Beekeepers in London say mayor Boris Johnson's plan to encourage more amateurs to own their own hives are misguided. Photograph: Reso/Rex Features 16 Dec 10 By Alison Benjamin
A bid to boost beekeeping in London by mayor Boris Johnson today has come under fire from beekeeping associations, who say the capital is already saturated with inexperienced beekeepers. Johnson's Capital Bee campaign, which will offer up to 50 community food-growing groups the chance to keep bees, hopes to boost beekeeper numbers in the city and halt the decline in bee populations. But London beekeepers' associations accuse him of "jumping on the bandwagon" of the huge growth in the popularity of beekeeping.

EPA Memo Shows Pesticide Harms Bees


15 Dec 10 By Jake Richardson
An EPA memo that wound up in the hands of veteran beekeeper Tom Theobald identifies a common pesticide as directly harmful to honey bees. Clothianidin was first registered in May 2003 but that registration was dependent on a study being conducted which would show it was safe for honey bees. However, the study was flawed, and the EPA memo that was leaked shows they were aware clothianidin was harmful to bees, yet they had allowed it be sold and used, and in doing so also probably allowed many bees to be harmed or die.

EPA Can't Tell Difference Between "Beekeeper" and "Bee-killer"


14 Dec 10 By Michael van Baker
First, how does "Environmental Dereliction Agency" sound? I feel like "Protection" is really giving people the wrong idea about the actual results of EPA regulation. Second, I should warn you that if you continue reading, you'll be begin to wonder how we're all not dead yet. Thanks to Grist's Tom Philpott, I was just alerted to the leaked EPA documents that show the agency's fumbling approval of a broadly used, very toxic pesticide.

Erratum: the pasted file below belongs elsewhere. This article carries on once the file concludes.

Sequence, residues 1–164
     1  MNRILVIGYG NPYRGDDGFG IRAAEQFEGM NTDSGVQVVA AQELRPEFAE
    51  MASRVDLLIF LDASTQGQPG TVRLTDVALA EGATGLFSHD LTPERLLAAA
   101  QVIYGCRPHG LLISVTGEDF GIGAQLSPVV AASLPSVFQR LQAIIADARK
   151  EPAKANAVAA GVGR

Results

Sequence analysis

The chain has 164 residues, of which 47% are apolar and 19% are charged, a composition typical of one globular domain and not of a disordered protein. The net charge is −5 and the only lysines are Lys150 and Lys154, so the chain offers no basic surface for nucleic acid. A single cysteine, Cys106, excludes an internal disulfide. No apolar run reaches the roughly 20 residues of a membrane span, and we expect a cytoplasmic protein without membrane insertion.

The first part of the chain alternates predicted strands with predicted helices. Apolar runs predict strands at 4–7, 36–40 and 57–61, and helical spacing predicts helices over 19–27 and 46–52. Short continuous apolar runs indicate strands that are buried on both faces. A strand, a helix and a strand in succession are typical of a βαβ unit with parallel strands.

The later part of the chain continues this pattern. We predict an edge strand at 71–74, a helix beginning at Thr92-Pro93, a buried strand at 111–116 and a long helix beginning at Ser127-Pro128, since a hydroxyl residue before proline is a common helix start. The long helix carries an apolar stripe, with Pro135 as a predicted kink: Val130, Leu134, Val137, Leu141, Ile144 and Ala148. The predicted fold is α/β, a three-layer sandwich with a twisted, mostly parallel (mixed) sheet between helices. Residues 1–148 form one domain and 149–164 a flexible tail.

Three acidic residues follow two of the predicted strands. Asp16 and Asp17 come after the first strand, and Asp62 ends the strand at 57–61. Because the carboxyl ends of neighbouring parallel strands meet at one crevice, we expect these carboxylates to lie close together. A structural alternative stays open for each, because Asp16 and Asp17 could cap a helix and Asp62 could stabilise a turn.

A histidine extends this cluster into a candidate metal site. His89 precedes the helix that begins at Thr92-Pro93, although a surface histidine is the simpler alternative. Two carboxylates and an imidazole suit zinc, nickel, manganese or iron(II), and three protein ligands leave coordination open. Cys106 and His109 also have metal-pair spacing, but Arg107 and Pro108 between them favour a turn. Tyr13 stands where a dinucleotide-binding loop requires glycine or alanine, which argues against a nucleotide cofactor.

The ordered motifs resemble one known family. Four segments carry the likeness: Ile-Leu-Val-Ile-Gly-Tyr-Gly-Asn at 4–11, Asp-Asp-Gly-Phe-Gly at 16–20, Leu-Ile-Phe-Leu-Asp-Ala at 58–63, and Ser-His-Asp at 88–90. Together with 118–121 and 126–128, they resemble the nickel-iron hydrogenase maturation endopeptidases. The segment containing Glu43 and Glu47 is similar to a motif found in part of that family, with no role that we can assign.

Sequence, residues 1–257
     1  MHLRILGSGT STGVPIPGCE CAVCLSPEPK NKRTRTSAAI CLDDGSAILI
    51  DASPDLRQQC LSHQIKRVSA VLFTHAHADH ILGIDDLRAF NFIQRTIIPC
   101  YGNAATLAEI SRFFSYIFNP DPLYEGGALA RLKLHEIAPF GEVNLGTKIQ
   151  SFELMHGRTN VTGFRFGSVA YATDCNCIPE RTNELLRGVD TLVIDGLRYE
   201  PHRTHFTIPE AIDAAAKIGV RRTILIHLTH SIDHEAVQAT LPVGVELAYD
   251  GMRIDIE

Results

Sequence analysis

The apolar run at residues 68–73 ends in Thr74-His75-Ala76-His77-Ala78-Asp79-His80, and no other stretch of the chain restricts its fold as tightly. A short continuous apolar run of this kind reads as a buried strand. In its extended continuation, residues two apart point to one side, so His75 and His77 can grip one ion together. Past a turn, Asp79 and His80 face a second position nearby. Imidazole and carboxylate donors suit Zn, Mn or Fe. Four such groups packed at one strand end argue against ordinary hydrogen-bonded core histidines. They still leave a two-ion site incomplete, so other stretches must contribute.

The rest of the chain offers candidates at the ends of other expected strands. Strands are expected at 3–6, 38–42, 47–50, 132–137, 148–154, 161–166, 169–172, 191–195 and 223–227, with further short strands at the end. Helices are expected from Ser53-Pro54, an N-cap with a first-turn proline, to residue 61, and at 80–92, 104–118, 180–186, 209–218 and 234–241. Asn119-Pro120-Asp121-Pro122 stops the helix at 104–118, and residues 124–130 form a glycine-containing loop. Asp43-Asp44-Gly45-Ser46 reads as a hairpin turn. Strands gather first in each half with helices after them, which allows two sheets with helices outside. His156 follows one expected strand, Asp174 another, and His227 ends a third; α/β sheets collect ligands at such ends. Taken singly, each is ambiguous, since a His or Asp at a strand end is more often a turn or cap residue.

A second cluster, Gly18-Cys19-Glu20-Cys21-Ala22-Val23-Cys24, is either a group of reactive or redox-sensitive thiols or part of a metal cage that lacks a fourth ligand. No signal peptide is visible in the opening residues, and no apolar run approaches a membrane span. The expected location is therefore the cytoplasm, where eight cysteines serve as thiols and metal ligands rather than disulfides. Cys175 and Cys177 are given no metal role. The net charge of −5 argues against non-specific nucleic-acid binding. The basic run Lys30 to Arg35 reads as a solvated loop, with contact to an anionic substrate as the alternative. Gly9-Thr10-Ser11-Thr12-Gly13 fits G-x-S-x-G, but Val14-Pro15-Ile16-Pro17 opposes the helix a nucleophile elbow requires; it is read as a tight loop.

More Dougherty Co. bees are Africanized variety


13 Dec 10 By Jennifer Emert
ALBANY, GA (WALB) – Two additional colonies of Africanized bees have been found in Dougherty County near the area where a man died from an attack. The colonies were destroyed immediately. Entomological tests confirmed that Africanized honeybees were responsible for the death of Curtis Davis in October. It was the first record of the strain in Georgia.

Beekeeper Who Leaked EPA Documents: "I Don't Think We Can Survive This Winter"


13 Dec 10 By Ariel Schwartz
Colorado beekeeper Tom Theobald never expected to become embroiled in a controversy between the EPA and the pesticide industry. But that's exactly what happened when Theobald got hold of an EPA document revealing that the agency is allowing the widespread use of a bee-toxic pesticide, in spite of warnings from EPA scientists. So how did Theobald (pictured above) end up with such a contentious document?

Beekeepers want government to pull pesticide


Beekeepers Mark McCoy (left), and Francisco Toribio inspect frames of bees Friday afternoon, February 9, 2007. Area beekeepers are worried aboout citrus growers spraying groves for psyllids and killing their bees. 09 Dec 10 By Susan Salisbury
Beekeepers and environmentalists Wednesday called on the U.S. Environmental Protection Agency to remove a pesticide that could be linked to colony collapse disorder from the market and to issue an order to stop its use.

The request to EPA Administrator Lisa Jackson from the American Beekeeping Federation, headed by Florida beekeeper Dave Mendes, and five other groups follows the leak of a Nov. 2 EPA memo about the product.

Georgia stays on the lookout for 'killer bees'


University of Florida
Africanized 08 Dec 10 By Lee Shearer
ATHENS, Ga. - It may be only a matter of time before Africanized honeybees - so-called killer bees - reach all the way to Athens and Northeast Georgia, according to University of Georgia bee researcher Keith Delaplane. The feared bees made their first appearance in Georgia this October, killing 73-year-old Curtis Davis of Albany as he was driving a bulldozer that disturbed their nest.